Satyagraha: Ghandi's Philosophy

Essay by ducttape799Junior High, 8th gradeA+, April 2004

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According to the The American Heritage Dictionary of the English Language, Third Edition, satyagraha is "The policy of nonviolent resistance initiated in India by Mahatma Gandhi as a means of pressing for political reform." A satyagrahi is one who subscribes to satyagraha. "Holding to this truth [hate kills; love heals] in every situation, no matter how fierce the storm....he wants nothing for himself, the true satyagrahi is not afraid of entering any conflict for the sake of those around him, without hostility, without resentment, without resorting even to violent words....[satyagraha is] a complete substitute for violence" (from: Gandhi the Man: The Story of His Transformation by Eknath Easwaran, Nilgiri Press).

Gandhi appreciated the power of satyagraha and its ability to change men and the way men think. He used it to help India gain her independence from oppressive British rule. Never violent, Gandhi succeeded in forcing the most powerful empire in the world at the time to back down peacefully from a nation in abject poverty.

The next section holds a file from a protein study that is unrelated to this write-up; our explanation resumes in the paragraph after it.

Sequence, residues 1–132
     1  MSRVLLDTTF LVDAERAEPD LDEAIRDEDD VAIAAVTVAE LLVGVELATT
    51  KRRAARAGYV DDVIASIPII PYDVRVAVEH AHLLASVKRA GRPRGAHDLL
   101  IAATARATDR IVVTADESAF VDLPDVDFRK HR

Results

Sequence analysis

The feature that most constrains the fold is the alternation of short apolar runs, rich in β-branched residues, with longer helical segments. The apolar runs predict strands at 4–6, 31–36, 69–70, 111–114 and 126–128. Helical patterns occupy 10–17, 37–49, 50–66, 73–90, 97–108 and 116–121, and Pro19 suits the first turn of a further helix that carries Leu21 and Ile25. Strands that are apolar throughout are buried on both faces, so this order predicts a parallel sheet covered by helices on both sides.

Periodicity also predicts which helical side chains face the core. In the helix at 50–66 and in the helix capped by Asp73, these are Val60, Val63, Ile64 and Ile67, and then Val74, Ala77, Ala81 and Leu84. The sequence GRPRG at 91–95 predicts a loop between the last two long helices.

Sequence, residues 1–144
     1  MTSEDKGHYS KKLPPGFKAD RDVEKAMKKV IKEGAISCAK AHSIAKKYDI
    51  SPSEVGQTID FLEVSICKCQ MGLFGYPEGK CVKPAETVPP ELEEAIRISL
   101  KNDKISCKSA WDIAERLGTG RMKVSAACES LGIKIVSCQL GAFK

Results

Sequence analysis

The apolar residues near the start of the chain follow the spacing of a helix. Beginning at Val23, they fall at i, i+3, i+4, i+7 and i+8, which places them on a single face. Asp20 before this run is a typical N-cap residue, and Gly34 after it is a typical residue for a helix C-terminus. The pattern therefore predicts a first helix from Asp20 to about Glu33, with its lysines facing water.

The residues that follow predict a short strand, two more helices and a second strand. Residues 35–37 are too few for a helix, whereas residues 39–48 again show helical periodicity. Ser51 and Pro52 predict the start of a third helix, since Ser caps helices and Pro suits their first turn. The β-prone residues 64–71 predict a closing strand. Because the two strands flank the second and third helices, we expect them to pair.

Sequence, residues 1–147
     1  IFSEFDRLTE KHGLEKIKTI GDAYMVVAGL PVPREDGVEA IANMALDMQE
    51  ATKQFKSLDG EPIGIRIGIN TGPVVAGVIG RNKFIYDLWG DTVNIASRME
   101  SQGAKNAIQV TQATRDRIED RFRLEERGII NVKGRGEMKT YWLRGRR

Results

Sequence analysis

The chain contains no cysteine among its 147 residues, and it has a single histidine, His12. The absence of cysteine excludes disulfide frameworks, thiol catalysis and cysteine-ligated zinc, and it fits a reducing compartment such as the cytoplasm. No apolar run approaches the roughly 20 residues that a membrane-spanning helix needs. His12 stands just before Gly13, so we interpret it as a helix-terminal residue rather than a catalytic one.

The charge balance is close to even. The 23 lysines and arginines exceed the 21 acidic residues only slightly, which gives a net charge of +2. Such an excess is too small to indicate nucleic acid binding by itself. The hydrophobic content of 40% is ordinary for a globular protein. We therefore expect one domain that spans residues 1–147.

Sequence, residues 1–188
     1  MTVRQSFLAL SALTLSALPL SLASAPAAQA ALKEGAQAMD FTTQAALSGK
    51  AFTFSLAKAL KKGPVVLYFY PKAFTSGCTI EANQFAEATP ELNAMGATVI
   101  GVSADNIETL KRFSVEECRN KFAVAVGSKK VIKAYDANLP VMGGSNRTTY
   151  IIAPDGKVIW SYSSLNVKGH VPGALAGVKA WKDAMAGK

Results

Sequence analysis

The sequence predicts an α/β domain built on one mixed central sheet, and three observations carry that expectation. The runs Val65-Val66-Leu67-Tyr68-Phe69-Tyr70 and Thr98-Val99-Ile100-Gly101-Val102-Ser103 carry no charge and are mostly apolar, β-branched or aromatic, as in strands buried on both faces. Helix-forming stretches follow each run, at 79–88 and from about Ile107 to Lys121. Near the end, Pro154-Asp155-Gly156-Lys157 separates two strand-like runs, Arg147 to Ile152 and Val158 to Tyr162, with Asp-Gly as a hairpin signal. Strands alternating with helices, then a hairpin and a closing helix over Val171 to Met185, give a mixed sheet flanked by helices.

For instance, at the Salt Works demonstration, men stepped up fearlessly, calmly, and without anger in groups to be mercilessly beaten with iron-tipped rods. Gandhi's aim in such protests was to capture the world's attention and support by juxtaposing India's humanity to the inhumanity of the British. In doing so, people everywhere realized that India was right in fighting for her freedom.

In today's world, satyagraha could be used most effectively by people who take an anti free trade stance. Rioting and violent protests do draw attention to the cause, but the wrong sort of attention, especially now after the September 11th tragedy. Violence causes negative attitudes towards the people being violent, and their cause. Instead, those people should consider peaceful marches, lobbying, or petitions. However, perhaps the best way to...